Every so often – and I like to think this is pretty unusual these days – a watch is released that barely needs an article to explain its function or internal technology. If I were to hand you a couple of photographs of the new Bovet Amadeo Fleurier 43 Watch, you might just shrug and say “Yeah, I get it. So what?” Well, exactly “what” you make of this diamond-encrusted piece really hinges on how comfortable you are with the notion of watches as works of art.
I’ve been writing about watches for a long time; I’ve been working on them even longer; and I’ve been in the industry longer still. I’m not sure when I decided where I stood on the “are watches art?” issue, but I can tell you this: I can’t remember regarding watches as anything but works of art. Some of it is high brow, some of it low. It doesn’t really matter where the watch falls on the scale for it to be considered an art form. But maybe that has more to do with your definition of art (and I have an admittedly broad definition of the word). What I’ve always believed is that something qualifies as art if it is the “expression of that which cannot be said.”
So basically, it is, in my mind, anything that makes us feel, rather than telling us what to think. Loads of things fall into this category, even sport! Literature qualifies because the words, like brush strokes, paint a picture in our minds that is different for everybody. A technical manual does nothing but instruct; art enables lateral thought, individual emotion, and a unique takeaway. The Bovet Amadeo Fleurier 43, therefore, qualifies as art in my mind. The watch is part of Bovet’s convertible range, meaning the watch can easily be detached from the wrist strap (which is genuine blue alligator) and turned into a pocket watch, or table clock. A cool touch that adds a little bit of technical interest to something that is otherwise little more than jewelry.
So the main thing you’ll notice when you look at the Bovet Amadeo Fleurier 43 is probably the rather striking image of a horse-mounted, crown-wearing, bow-toting rider of the Apocalypse bedecked in a cloak, galloping over clouds. Right. Standard wrist candy? Not so much. This is something for the connoisseur. I mean, it’s easy to gripe over this watch’s lack of mainstream appeal (especially at Bovet’s price bracket), but when you’re only making one (and this piece is genuinely unique in that sense) you don’t need a lot of people to like it. There are a startling amount of people in the world who have enough money to buy this kind of product, and the chances are in Bovet’s favour that one of them will think it’s the bees knees. And anyway, art has a weird habit of appreciating in value for the oddest reasons.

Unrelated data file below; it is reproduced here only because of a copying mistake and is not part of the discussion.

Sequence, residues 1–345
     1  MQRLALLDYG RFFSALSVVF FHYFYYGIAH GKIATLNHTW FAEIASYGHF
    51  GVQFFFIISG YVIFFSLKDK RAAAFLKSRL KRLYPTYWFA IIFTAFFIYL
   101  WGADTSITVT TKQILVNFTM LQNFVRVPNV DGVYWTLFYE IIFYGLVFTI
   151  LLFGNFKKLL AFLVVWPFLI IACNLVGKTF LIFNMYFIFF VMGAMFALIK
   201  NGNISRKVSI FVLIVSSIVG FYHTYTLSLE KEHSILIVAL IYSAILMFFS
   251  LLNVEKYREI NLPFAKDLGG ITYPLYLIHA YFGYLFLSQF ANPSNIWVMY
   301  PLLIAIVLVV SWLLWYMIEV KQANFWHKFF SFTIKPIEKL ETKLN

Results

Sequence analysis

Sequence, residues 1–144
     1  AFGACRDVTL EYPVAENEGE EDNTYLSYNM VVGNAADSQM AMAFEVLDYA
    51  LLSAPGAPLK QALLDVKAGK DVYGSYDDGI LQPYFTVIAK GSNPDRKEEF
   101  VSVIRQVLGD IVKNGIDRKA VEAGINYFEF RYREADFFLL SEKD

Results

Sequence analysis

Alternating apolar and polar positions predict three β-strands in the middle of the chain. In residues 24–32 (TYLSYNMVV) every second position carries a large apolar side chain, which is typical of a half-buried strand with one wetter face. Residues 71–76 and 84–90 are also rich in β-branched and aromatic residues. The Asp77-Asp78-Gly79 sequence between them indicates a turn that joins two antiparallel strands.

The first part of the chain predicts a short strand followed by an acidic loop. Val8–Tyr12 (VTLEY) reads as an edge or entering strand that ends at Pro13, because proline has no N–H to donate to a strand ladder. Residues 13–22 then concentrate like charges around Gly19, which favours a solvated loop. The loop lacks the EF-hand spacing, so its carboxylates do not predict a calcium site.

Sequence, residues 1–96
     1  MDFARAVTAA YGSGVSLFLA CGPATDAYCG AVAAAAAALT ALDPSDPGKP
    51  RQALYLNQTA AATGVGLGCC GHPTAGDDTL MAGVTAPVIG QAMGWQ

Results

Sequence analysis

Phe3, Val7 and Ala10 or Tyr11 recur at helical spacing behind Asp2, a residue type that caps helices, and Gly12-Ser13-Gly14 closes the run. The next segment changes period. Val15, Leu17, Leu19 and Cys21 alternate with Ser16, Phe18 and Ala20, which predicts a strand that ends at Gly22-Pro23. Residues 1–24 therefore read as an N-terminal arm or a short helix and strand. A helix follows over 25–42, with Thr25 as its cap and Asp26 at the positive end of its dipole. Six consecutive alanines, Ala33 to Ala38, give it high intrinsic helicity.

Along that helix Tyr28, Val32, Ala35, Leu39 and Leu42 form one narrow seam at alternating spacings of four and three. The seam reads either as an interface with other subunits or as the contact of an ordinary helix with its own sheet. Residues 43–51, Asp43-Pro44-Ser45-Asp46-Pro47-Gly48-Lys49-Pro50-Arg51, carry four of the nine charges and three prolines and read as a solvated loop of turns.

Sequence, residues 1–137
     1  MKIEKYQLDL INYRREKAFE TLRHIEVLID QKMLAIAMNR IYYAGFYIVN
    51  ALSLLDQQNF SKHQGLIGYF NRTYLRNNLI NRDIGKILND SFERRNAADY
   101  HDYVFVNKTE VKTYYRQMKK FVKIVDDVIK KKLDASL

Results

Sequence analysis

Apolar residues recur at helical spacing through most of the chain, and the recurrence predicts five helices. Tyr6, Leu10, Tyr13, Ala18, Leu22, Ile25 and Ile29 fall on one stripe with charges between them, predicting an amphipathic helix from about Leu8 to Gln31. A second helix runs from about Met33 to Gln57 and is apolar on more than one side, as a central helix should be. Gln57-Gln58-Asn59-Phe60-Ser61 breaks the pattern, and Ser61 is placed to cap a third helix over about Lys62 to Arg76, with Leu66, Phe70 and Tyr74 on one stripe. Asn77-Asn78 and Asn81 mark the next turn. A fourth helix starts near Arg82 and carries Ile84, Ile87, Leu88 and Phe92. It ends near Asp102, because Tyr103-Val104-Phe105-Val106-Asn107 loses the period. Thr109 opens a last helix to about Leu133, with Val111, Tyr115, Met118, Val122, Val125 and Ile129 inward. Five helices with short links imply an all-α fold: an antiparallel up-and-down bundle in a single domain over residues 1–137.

Watches are no different. Swatch once released a watch featuring the late Nicolas Hayek’s face on rotating discs, that aligned every so often to make a perfect picture of the man himself. It was widely derided for its appearance, but still sold like hot cakes. Nowadays, in lieu of his passing and his assured place in history, the Hayek Swatch is one of the most collectable and sought after. Now, I’m not saying this Bovet has the same kind of importance to the industry, but it might have that kind of emotional appeal to someone who has a particular penchant for the dial subject.
The watch features a very nicely decorated movement, referred to by Bovet as the 11BA12 calibre. It has a 72-hour power reserve and operates at 28,800vph. Truth be told, it is super basic, but if you’re buying this watch for its artistic merit, complications are not that high on your shopping list. The diamonds will split opinion, especially given the somewhat “masculine” (and I say that really loosely) dial image and size (43mm), but it looks pretty cool on the wrist. What is definitely cool is the technique that has gone into the painting of the dial. Love or hate the end product, it is hard to fault the superb execution of an old-world skill. This dial has been painted by Russian jeweler Ilgiz Fazulzyanov on to an 18k gold base plate. It’s my opinion that the Bovet Amadeo Fleurier 43 makes the “are watches art” debate easy to win – how is this any different from a painting? And I guess some people might argue that some watches are art (like this one), and some are just watches (like the Casio G-Shock), but there were plenty of people who laughed at Warhol’s Campbell’s Soup before it became a modern classic.
You don’t have to like or respect something for it to be art. If it delivers a wordless message, if it makes you feel something, then I think it’s worthy of that classification. With just one Bovet Amadeo Fleurier 43 piece available, with a price tag of $196,700 (CHF 171,000), Bovet are banking on one super rich collector agreeing that this piece deserves a spot on their winder. Who knows? In twenty years time, it might turn out to be the best investment they ever made. bovet.com